Since these pictures were taken, in 1984, the politics and language of transgender have progressed significantly and, with it, a greater acceptance and understanding in the general psyche. Thank God. However for the purpose of historical context, I have included the original press release for the exhibition in its original form.

Unfortunately, the original interviews referred to in the press release have been lost during the exhibition's travels between various archives in the north west and no copies were made (computers were few in the mid '80's and it was assumed that the text panels would be preserved along with the photographs). I am sure there are a couple of C90 cassette tapes gathering dust somewhere ready to be found and transcribed. Until that time, I hope that the pictures will go some way to speak for themselves.

Here is the original press release:


T.V./ T.S. & Drag

The world of transvestism and transsexualism is still very much a clandestine affair, caused in the main by the male dominated, macho-orientated society of the western hemisphere in general, and the North of England in particular. Harassment, abuse and physical violence have all ensured that the taboo subject of men as women and women as men has stayed well and truly underground, resulting in a great many myths and misconceptions being centred around the lives of transvestites and transsexuals, perpetuating more fear and consequent hatred for a totally misunderstood part of the community.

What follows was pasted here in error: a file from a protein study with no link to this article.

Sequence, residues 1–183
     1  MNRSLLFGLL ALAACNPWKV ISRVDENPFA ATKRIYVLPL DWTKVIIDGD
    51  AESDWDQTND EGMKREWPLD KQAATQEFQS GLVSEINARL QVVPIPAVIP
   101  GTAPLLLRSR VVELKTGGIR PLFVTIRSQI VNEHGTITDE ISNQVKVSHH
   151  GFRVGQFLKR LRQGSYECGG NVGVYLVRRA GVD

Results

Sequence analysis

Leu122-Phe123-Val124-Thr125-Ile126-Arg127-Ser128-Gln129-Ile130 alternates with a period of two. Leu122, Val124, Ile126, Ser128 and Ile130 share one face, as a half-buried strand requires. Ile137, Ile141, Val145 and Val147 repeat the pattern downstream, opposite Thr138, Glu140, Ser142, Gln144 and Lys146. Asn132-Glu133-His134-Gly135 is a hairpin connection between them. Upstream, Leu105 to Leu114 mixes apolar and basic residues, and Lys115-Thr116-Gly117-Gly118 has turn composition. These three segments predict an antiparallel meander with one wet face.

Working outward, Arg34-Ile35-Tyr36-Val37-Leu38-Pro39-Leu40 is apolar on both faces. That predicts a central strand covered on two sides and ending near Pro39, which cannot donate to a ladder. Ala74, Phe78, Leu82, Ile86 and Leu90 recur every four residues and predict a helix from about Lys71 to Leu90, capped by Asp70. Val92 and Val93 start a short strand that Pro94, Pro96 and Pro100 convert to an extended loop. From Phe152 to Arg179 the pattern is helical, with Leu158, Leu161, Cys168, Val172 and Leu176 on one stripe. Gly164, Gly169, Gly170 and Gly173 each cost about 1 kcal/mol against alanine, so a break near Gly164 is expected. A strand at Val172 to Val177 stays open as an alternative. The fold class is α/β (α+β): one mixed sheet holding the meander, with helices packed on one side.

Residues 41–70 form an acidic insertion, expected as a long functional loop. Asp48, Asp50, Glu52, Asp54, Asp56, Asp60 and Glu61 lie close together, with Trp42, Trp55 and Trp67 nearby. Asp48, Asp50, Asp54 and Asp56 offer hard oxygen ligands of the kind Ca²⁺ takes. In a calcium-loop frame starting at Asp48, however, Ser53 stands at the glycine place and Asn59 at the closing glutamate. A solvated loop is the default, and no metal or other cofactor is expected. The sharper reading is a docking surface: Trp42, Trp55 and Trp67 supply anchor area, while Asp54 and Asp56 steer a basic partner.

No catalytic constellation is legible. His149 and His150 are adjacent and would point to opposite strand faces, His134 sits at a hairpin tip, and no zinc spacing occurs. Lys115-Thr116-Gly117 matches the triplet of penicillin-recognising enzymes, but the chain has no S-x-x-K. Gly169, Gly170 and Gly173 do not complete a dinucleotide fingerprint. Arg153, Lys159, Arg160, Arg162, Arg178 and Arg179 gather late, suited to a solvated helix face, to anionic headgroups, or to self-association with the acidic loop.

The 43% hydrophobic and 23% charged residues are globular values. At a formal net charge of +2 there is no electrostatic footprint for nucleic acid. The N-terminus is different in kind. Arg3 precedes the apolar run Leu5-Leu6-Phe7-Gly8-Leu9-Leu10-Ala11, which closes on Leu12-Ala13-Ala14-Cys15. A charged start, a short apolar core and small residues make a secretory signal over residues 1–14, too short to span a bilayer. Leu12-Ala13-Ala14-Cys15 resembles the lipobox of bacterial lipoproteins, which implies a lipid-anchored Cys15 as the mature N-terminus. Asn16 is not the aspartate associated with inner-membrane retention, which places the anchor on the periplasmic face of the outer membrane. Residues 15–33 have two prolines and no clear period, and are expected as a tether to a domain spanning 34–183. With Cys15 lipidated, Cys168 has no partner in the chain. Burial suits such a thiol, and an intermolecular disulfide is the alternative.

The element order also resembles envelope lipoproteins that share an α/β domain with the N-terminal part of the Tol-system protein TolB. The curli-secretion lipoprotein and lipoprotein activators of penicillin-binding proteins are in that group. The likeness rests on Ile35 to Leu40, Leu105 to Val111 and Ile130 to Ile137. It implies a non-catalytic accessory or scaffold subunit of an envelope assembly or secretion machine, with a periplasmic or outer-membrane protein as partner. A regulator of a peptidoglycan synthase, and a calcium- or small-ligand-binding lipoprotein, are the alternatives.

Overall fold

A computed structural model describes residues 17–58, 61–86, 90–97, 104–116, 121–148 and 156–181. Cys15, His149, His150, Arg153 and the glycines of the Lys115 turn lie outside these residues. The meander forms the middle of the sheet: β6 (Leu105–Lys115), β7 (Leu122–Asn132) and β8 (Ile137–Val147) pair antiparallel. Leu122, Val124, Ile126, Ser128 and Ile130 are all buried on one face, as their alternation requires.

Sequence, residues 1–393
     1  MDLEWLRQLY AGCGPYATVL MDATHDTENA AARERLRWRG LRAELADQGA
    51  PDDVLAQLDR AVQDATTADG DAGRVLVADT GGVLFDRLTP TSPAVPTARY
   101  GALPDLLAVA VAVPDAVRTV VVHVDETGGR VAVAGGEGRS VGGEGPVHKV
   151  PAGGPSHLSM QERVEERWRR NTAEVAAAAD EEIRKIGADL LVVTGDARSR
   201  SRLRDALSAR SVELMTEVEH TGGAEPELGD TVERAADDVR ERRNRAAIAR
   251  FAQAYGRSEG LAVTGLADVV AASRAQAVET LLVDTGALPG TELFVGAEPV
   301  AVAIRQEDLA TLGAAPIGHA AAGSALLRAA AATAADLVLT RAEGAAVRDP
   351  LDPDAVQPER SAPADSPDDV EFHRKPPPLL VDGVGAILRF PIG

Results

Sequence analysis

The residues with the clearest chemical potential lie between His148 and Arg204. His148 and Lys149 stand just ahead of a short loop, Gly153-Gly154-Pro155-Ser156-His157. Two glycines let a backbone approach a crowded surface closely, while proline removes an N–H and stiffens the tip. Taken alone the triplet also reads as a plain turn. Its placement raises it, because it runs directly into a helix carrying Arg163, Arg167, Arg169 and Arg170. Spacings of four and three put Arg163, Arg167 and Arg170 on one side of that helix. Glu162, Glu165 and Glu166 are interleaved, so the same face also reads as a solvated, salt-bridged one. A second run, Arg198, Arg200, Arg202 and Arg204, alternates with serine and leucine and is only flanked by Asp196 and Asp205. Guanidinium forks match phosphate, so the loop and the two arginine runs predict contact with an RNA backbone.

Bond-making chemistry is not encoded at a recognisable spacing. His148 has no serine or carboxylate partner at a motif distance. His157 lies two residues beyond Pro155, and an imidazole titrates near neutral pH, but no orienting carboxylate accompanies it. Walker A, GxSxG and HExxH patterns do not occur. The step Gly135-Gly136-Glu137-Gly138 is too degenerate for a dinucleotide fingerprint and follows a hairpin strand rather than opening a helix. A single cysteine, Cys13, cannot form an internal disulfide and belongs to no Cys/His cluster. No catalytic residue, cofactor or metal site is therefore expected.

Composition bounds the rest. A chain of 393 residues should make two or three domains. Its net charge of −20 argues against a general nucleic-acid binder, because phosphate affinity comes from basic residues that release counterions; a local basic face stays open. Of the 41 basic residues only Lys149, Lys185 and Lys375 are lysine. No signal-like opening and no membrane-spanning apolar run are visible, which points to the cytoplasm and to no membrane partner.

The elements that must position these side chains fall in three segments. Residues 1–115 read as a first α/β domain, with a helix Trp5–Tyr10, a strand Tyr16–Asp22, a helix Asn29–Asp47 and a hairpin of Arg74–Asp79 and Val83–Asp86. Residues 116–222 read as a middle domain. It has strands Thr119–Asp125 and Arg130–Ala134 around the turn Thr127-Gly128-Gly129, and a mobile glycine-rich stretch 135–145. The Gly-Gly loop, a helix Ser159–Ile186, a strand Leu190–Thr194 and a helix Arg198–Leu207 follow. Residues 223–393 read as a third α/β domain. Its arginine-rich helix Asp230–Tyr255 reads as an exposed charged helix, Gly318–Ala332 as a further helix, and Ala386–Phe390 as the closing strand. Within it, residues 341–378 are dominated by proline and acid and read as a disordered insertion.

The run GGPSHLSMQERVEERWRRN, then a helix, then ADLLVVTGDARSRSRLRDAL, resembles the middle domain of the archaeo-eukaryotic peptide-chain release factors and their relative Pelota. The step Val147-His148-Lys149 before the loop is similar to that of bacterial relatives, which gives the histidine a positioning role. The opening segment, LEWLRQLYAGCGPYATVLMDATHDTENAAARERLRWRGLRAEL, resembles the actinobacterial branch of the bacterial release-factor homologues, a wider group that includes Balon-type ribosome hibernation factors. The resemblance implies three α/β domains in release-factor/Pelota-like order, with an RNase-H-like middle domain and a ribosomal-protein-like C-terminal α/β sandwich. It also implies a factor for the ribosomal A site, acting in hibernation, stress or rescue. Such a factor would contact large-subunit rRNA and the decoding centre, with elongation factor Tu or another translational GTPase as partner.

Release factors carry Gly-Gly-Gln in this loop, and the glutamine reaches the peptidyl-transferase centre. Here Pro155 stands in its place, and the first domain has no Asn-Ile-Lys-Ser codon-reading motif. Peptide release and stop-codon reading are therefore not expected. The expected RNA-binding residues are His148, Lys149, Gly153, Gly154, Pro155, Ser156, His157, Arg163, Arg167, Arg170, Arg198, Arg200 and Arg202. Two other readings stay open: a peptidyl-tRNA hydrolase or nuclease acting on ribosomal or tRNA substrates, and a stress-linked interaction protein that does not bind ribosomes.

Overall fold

This exhibition is centred around the lives of two transsexuals and tow transvestites, one seeking medical advice in order to prepare him/ herself for the long and involved process of becoming a transsexual. However, the exhibition begins with a look at present day drag, the stereotyped image of a man in a frock, in order to highlight the differences between the area of entertainment and the ordinary life of the transvestite and transsexual.

Having spent the last twelve months visiting those people in the photographs, an awareness of each of our needs were developed to the point where I could take pictures without disturbing the atmosphere. They were very much aware of my presence yet very few of the images were of a posed nature. Through this mutual understanding a set of photographs of this fascinating, if not somewhat bewildering subject, of a sympathetic, non-voyeuristic manner were produced.

Along with the photographs extracts from interviews with those concerned are hung on the walls providing brief life stories, giving specific details about the problems they have faced; the childhood guilt, facing the family and the long and complicated hospital and psychiatric treatment incurred.

In this exhibition the words and images form an important integration, the text providing the past-history, the photographs showing the present day. It is important within the subject of T.V.'s and T.s.'s that events prior to the photographs are explained in order that a fuller understanding of the images can be achieved.

All the photographs were taken indoors. most within a home environment. This fact on it's own provides a kind of insight into the T.v./T.S. world, the fact that there are few places in Liverpool where T.V.'s and T.s.'s feel safe; home, the T.V./T.S. group on a Friday night and one or two clubs being the closed circle available. It is a sad fact that in this relatively free political society, that society produces its own laws which deprive the individual of his/her self expression.